Book Review

Essential Knowledge: The Debate Over What American Students Should Know

Reviewed by Joseph W. Rudnicki
Superintendent, Sunnyvale School District, Sunnyvale, Calif.


Essential Knowledge, by Robert J. Marzano and John S. Kendall, researchers at the Mid-Continent Regional Educational Laboratory, is a timely, comprehensive and thought-provoking exploration on what students should be learning.

Rather than providing the answer, the authors systematically frame data and questions that lead us to consider the extensive information that’s available. As schools resolve the content question, options of increasing student instructional time or decreasing the number of standards are inevitable.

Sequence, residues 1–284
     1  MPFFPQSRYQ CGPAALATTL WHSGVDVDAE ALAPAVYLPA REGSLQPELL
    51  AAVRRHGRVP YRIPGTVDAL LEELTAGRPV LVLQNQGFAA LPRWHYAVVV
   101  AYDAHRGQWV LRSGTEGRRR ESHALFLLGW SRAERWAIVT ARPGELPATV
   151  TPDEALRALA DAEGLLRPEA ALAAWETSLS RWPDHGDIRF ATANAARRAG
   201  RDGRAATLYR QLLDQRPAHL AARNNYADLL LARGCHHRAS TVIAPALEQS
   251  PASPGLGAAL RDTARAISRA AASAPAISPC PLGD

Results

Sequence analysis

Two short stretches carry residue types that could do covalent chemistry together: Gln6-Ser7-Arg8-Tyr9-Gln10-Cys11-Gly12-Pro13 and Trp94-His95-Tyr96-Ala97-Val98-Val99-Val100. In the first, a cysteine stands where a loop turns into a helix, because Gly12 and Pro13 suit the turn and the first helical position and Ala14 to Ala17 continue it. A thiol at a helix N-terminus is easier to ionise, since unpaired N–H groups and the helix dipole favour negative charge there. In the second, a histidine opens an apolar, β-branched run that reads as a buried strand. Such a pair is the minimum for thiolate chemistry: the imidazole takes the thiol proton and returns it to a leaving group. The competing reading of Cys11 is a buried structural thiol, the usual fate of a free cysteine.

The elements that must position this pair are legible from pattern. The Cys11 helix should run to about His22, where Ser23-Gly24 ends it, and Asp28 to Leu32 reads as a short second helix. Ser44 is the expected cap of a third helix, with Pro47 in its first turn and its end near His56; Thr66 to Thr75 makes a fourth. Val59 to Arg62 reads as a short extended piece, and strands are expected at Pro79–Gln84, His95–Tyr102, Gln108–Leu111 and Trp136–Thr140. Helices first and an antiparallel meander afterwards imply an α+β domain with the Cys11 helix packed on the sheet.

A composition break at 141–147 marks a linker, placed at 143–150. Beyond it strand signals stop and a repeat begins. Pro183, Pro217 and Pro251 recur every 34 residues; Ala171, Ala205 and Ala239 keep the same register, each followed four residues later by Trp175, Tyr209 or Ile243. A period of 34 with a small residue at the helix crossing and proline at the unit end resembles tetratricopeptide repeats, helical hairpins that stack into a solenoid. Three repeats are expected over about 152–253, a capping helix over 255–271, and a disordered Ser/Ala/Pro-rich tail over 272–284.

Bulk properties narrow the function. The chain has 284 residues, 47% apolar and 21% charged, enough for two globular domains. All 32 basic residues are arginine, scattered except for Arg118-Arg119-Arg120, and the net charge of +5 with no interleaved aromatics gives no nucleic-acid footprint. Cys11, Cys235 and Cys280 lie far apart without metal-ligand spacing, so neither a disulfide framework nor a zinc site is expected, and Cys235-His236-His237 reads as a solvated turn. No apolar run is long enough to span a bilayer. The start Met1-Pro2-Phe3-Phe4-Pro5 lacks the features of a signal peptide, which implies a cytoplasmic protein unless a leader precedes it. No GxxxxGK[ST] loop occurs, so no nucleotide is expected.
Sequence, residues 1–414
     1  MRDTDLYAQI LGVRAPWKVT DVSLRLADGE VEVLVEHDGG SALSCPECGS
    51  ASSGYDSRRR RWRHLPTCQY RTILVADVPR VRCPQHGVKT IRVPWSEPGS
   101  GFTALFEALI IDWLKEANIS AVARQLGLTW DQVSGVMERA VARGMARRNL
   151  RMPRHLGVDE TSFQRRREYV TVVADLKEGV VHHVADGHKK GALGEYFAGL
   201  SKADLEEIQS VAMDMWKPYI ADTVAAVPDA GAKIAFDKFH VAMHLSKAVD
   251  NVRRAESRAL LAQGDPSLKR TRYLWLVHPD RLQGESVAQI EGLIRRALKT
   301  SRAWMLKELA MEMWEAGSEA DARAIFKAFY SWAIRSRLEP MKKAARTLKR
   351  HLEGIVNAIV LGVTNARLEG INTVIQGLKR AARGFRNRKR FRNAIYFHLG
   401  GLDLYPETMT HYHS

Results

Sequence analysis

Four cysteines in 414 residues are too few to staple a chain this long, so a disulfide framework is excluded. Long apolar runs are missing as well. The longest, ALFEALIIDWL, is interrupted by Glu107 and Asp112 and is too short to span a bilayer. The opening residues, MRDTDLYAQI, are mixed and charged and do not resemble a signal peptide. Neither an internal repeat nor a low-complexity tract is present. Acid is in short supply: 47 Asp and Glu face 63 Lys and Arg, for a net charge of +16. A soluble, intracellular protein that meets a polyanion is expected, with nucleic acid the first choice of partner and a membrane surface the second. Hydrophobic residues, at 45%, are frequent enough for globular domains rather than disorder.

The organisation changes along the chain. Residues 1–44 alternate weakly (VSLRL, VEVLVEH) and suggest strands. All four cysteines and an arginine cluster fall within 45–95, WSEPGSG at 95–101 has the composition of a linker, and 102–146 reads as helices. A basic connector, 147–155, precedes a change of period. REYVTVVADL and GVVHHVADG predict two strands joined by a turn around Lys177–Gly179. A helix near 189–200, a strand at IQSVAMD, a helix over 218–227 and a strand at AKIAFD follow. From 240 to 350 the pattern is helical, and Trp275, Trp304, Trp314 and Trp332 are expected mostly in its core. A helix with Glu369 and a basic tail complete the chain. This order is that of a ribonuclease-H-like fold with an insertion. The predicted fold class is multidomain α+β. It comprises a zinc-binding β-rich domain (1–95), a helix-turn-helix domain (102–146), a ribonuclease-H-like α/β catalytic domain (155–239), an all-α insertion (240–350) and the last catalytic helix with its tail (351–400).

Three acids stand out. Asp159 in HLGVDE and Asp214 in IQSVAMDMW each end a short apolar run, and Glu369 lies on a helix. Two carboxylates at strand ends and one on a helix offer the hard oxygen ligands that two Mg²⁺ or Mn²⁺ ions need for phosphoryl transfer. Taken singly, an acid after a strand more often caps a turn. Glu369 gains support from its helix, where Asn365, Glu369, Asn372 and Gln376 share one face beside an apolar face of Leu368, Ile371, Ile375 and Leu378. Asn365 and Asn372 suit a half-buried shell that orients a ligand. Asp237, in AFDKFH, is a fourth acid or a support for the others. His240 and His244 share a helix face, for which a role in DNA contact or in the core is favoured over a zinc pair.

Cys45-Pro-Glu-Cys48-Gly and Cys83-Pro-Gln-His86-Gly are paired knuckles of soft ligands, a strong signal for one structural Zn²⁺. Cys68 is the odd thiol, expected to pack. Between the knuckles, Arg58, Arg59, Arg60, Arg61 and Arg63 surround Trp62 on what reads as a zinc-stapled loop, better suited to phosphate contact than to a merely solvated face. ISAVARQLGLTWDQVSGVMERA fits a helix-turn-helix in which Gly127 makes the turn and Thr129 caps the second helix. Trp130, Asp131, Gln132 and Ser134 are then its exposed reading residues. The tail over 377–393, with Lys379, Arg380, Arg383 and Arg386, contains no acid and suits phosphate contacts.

The comprehensive yet succinct data summary shows wide variance of belief by each of the major proponents regarding the knowledge essentials to be taught. The education community and citizenry face difficult machinations inherent in a broad-based process to resolve and answer the question: What is essential knowledge for the American student?

This work is vital reading for those working to create a detailed picture of student curriculum. The authors offer critical questions to be asked as school districts proceed through the decision-making process.

(Essential Knowledge: The Debate Over What American Students Should Know, by Robert J. Marzano, and John S. Kendall with Barbara B. Gaddy, McREL Institute, Aurora, Colo., 1999, 450 pp. with index, $39.95 softcover)